And some color on Egypt, also from Citi:
Although we had expected the recovery in the economy to suffer periodic setbacks, it is clear that the Central Bank of Egypt (CBE) has become concerned. Not only has it not raised rates in response to the rise in inflation in 1H 2015, but it also allowed the EGP to weaken further in July. Although this step down in EGP was of a smaller scale than in January, it may signal that with no significant improvement in the growth of current account outlook in 2H 2015 the CBE may allow further similar scale periodic currency adjustments.
As for the lira, we've said quite a bit why it's been under so much pressure of late. In short, political turmoil and an escalating civil war have plunged the country into crisis, undermined confidence, and sent stocks into bear market territory. For the full breakdown, see here.
Finally, we close with comments from Deutsche bank:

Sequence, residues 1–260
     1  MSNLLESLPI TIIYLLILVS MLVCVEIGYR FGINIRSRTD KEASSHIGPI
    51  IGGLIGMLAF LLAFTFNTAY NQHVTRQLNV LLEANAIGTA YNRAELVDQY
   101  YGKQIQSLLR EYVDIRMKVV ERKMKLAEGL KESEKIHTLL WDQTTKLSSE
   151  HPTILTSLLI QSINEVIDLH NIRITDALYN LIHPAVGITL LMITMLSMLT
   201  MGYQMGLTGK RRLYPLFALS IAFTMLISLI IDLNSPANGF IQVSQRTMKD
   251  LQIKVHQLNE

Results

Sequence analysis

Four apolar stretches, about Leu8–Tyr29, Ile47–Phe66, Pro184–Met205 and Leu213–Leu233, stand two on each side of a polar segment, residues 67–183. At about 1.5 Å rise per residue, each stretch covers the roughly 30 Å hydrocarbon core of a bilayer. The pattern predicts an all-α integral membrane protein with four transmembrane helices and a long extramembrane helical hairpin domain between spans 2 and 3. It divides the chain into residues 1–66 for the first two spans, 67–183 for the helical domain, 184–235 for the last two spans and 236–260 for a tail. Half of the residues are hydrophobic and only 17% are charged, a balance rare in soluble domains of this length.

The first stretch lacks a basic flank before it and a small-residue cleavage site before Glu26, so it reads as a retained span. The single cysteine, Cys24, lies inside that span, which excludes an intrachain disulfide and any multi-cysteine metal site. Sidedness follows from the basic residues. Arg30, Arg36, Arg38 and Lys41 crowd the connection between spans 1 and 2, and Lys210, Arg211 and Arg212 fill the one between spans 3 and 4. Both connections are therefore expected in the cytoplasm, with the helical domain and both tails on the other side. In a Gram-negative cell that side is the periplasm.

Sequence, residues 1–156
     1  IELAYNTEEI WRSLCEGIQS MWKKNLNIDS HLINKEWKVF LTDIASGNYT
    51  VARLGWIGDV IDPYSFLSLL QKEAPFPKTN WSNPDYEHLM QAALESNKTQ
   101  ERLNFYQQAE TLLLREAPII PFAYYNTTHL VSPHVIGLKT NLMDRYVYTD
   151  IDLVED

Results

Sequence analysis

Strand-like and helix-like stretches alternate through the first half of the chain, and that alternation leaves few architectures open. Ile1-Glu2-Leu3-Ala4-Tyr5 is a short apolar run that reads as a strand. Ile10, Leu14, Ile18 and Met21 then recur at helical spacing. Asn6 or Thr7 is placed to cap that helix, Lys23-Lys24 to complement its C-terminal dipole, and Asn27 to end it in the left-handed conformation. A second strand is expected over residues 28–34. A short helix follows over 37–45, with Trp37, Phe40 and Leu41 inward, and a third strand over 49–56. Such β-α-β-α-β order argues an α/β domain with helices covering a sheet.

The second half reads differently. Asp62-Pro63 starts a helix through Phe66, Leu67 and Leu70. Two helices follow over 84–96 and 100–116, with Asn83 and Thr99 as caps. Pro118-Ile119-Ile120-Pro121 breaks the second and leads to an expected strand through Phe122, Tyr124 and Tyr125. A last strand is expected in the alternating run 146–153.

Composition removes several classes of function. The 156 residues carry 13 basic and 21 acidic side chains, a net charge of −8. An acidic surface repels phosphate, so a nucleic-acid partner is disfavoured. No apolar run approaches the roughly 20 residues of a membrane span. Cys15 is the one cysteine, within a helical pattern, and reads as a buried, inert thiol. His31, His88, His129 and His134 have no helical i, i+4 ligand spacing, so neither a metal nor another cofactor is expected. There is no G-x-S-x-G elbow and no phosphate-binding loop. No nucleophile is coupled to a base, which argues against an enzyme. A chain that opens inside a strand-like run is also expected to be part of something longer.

The immediate implications of the Kazakh devaluation for the rest of the EMEA region should not be exaggerated. Kazakhstan’s huge loss of competitiveness relative to its largest trading partner, with which it has a customs union, made it unique. The pressure on other dollar pegs is nevertheless understandable and to varying degrees justified. Before the tenge was allowed to float freely this week, it was 11% stronger than it had been on average over the last 10 years. The four other major currencies in the region that are even more overvalued according to this admittedly simple metric all still maintain dollar pegs: the Saudi Riyal, the United Arab Emirate dirham, the Nigerian naira, and the Egyptian pound. Bulgaria, Croatia, and Romania also peg or manage their exchange rate regimes tightly, but against the euro rather than the dollar; and in their cases, currencies look more fairly valued.
Incidentally, you would have seen all of this coming and would have been well on your way to understanding how structurally important collapsing crude prices are to global finance had you simply read "How The Petrodollar Quiety Died, And No One Noticed," last November.